MOSCOW — Two decades after the collapse of the Soviet Union, the ideas of Marx and Lenin are making a comeback in Russia with a wave of young leftists whose potential for mass appeal seems to have rattled the Kremlin.
The most high-profile of this new generation of leftists, Sergei Udaltsov, made international headlines last month when he and two others from his Left Front political movement were charged with planning mass disorder across Russia based on accusations in a TV documentary aired by a pro-Kremlin station.
All three face up to 10 years behind bars on the charges, which they deny.
“The Kremlin’s persecution of leftist activists makes it very clear that the authorities are wary of socialist groups,” Alexei Sakhnin, 30, a leading Left Front member, told The Washington Times. “Russia has always been a leftist country, and the vast majority of the population would support a moderate socialist program.”
The leftists form a key part of a loose-knit coalition of pro-democracy, economic justice and anti-corruption activists who have opposed Russian President Vladimir Putin’s increasingly authoritarian rule – opposition that Mr. Putin has attributed in part to Western interference.
Widespread nostalgia for the Soviet era among older Russians has allowed the Communist Party to enjoy a significant place in parliament, behind Mr. Putin’s ruling United Russia party.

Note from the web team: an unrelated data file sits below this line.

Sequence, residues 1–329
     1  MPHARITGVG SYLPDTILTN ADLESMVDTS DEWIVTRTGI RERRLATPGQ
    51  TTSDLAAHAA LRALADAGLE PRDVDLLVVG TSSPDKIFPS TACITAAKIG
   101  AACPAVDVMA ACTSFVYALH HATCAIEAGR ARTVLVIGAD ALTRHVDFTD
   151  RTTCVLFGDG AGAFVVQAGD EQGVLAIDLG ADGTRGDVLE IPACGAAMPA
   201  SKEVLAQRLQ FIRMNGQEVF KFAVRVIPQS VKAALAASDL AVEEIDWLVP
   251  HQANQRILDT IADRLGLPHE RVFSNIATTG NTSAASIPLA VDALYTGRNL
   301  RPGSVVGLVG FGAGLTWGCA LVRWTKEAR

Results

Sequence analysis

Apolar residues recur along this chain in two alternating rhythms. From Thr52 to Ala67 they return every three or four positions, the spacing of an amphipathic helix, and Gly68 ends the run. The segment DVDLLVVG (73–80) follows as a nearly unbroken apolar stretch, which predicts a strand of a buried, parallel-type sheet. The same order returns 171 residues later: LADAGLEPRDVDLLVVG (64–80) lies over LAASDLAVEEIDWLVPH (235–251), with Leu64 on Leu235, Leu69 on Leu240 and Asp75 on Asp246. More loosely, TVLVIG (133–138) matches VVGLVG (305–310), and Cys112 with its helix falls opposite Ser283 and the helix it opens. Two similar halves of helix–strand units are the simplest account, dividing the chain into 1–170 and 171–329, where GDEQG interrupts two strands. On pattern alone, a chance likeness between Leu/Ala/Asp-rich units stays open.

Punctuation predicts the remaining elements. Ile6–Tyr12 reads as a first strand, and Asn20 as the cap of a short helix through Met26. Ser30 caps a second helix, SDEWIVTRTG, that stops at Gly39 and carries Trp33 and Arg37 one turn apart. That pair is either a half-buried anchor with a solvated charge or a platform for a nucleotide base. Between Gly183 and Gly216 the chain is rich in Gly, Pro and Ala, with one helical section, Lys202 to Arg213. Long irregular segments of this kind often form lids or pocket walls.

But the new vanguard of young leftists excoriates the Communists, who continue to sing the praises of Soviet dictator Josef Stalin.
“The Communist Party has no real desire to attempt to take power and is a corrupted, compromised opposition,” said Mr. Sakhnin. “And their respect for Stalin greatly limits their appeal. We condemn Stalin. That’s what makes us so threatening. There is a real hunger for genuine leftist groups.”
‘Modernized form of socialism’
Russia’s Left Front calls for a socialist economic system, a democratic political system and greater political and economic cooperation with other nations – and the group’s rhetoric seems to have struck a chord among many Russians.
A public opinion survey by the state-run polling firm VTsIOM this year indicated that Mr. Udaltsov was the only high-profile protest leader whose popularity ratings increased since Mr. Putin’s election to a third presidential term in March.
A former KGB officer, Mr. Putin himself has flirted with leftist ideals throughout his 13 years in power. In 2006, he famously called the breakup of the Soviet Union the “greatest geopolitical catastrophe” of the 20th century.
Mr. Putin’s campaign ahead of the presidential election this year was based in part on leftist ideas, such as a much-trumpeted alliance with labor unions and promises of social spending.
“Putin’s pre-election campaign was centered on leftist populism,” said Isabelle Magkoeva, 21, a rising star of Russia’s left and an activist with the Revolutionary Socialist Movement. “But the new leftist groups are so dangerous for the authorities because they can expose these fictitious alliances.”
Although Ms. Magkoeva praised former Soviet leader Vladimir Lenin as a “great revolutionary,” she offered a negative assessment of the Soviet Union itself, which ceased to exist the same year she was born.